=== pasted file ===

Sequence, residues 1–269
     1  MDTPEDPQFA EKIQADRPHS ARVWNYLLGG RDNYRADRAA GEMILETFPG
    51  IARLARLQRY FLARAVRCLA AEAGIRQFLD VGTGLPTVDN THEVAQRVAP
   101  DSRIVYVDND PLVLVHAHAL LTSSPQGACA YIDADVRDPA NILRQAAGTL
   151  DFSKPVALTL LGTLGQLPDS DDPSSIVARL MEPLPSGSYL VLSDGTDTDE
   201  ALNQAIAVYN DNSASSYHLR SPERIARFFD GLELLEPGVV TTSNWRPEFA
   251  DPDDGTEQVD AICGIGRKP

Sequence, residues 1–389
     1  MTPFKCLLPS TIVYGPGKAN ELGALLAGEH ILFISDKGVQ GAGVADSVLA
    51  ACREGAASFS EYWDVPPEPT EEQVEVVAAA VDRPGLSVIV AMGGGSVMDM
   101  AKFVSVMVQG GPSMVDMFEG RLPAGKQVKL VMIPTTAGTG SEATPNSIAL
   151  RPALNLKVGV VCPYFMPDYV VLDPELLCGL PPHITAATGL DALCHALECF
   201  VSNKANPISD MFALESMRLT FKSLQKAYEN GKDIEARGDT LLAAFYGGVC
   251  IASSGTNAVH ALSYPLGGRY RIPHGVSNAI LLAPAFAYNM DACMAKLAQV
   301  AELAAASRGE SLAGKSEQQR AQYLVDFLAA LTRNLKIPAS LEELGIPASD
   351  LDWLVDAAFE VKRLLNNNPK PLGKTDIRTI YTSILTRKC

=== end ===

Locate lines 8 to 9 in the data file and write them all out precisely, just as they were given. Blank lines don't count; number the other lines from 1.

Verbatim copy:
Sequence, residues 1–389
     1  MTPFKCLLPS TIVYGPGKAN ELGALLAGEH ILFISDKGVQ GAGVADSVLA